Teatro Quirino

I then found Giolitti and ordered a gelato; a cone with coffee, apple, and raspberry scoops. You have to try some gelato while you are in Rome! The procedure for getting a gelato was another minor trial. First you place an order at the cashier and pay to get a ticket which you take to the ice cream counter. I should mention that you get a receipt for everything in Italy. I mean every little thing. Buy a can of soda at a food cart, you get a small receipt. Pay a fee at a church to see something, you get a little receipt like a ticket. It is the law that you must receive a receipt for every financial transaction. You used to be fined if you did not take a receipt but now only the vendor gets fined. I’ve even received a receipt for things I’ve ordered over the Internet from Italy!

Giolitti

I also visited the Pantheon again because it is worth seeing twice. I went inside and took more photos and marveled at its grandeur. Just think, I’ve been inside the Pantheon which has stood for thousands of years and has been seen by illustrious men for centuries. I saw many of the great artworks pictured in my World Art textbooks which I never expected to see in real life.

There were several Catholic churches I wanted to visit but the first church I came across was not on my list, Sant Ignazio di Loyalo. Built in Baroque style between 1626 and 1650. I definitely saw the “Gloria di San Luigi Gonzaga” by P. Legros and the Monument to Pope Gregory XV. Part of the purpose of these blog entries is to record what I saw, but could not immediately identify. There was also a curious model of a round church which may not exist. I’ve never seen anything like it.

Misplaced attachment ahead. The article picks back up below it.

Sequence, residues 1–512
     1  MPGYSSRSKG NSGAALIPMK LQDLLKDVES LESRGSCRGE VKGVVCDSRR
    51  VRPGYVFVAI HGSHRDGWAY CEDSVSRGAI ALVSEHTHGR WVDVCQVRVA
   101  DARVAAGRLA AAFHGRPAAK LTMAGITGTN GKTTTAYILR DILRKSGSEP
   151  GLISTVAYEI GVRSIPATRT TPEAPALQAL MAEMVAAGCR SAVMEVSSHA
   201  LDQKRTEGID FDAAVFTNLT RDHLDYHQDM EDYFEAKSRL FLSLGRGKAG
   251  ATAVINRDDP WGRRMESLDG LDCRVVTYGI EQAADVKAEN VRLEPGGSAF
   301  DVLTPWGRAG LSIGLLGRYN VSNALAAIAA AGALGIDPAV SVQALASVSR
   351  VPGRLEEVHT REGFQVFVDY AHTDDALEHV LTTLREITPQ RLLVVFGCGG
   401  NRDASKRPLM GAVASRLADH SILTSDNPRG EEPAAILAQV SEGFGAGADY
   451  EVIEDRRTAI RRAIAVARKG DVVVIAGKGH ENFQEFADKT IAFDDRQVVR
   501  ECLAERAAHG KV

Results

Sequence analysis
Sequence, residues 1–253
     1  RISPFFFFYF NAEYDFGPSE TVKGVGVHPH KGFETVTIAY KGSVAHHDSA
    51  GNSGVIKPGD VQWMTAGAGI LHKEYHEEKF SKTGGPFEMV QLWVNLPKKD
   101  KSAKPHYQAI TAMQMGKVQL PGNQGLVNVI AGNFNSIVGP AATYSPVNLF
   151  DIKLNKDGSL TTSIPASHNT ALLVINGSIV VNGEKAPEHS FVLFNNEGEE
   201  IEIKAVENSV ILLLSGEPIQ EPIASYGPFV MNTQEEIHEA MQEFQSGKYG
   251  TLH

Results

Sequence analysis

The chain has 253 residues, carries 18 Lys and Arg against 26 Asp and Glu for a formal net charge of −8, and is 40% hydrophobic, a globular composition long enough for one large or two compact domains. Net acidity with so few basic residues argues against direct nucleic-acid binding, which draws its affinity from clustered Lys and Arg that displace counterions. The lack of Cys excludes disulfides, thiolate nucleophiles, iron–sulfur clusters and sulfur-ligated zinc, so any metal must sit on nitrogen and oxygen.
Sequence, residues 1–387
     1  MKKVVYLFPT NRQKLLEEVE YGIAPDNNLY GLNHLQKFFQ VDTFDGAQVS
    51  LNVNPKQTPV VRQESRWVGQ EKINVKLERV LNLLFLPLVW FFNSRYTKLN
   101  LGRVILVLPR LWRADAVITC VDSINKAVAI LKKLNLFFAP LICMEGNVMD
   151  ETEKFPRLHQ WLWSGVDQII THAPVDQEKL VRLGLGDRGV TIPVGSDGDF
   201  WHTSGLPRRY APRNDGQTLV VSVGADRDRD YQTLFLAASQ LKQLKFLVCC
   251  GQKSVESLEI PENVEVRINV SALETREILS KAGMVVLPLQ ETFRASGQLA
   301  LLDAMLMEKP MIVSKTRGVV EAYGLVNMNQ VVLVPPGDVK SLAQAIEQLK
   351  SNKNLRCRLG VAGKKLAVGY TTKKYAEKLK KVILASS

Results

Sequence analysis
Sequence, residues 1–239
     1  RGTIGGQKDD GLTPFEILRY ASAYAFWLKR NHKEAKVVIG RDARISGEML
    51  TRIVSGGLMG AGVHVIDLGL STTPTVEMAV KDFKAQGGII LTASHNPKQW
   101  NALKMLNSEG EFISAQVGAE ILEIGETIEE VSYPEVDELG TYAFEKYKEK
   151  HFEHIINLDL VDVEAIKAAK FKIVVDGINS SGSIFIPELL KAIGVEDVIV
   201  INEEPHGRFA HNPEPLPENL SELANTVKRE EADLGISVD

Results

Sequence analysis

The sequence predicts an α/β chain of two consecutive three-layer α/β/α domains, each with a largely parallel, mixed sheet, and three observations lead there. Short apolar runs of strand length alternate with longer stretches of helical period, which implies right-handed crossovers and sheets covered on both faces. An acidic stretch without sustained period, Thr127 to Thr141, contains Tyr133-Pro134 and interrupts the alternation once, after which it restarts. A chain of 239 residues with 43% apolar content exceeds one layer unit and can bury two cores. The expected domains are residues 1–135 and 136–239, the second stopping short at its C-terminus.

It was on this day that I entered the Santa Maria sopra Minerva where I saw the tomb of Fra Angelico. After that I entered yet another church, San Luigi dei Francesi. This is a French church and there was a large tour group outside. Inside there was a choral group singing and being filmed by someone with a video camera. However, the big attraction in this church was the three paintings by Caravaggio. I’m pleased that I managed to see so many Caravaggios on my trip. I remember there was a sign warning about pickpockets near the chapel with the Caravaggios.

Sant'Ivo alla Sapienza

Another church I sought out was Sant’Ivo alla Sapienza but I could only photograph the exterior because the church was closed that day. Sant’Ivo alla Sapienza is famous for its architecture. After that I must have returned to the Piazza Navona to get my bearings and found my way to Campo de Fiori, another famous square I wanted to see. Campo de Fiori was filled with market stalls so I found it difficult to get a good look at the Giordano Bruno monument. I didn’t buy anything at the market although I did notice a Libreria Fahrenheit 451 bookstore which tempted me.

I had lunch at Caffè Bianco, which is near the Campo de Fiori but not actually on the square. I ordered a large ball of Buffalo mozzarella with ham. I did not particularly care for this but I saw other tourists ordering large pizzas which seemed too much for me. After lunch I went to the Galleria Alberto Sordi and entered La Feltrinelli where I bought a DVD of “La Grande Bellezza“. There was a 2×1 special which they encouraged me to take advantage of but I declined. I kind of regretted that but buying anything was awkward. La Grande Bellezza is a great movie. I have watched it now that I am home. It has many scenes featuring the landmarks of Rome and I liked the main character because he was a literary writer and a sardonic observer of life.

The last landmark on my list was the Adriano Temple, the ruins of the Temple of Hadrian. All that remains of the temple is some columns embedded into the Rome stock exchange building but I wanted to see it anyways.  I headed off in the wrong direction at first, but eventually I managed to find the Adriano Temple. Finally I took Metro line A in the direction of Anagnina from Barberini Station to Termini Station. That evening I ate at Ristorante Donati yet again and ordered the cold seafood salad and artichoke.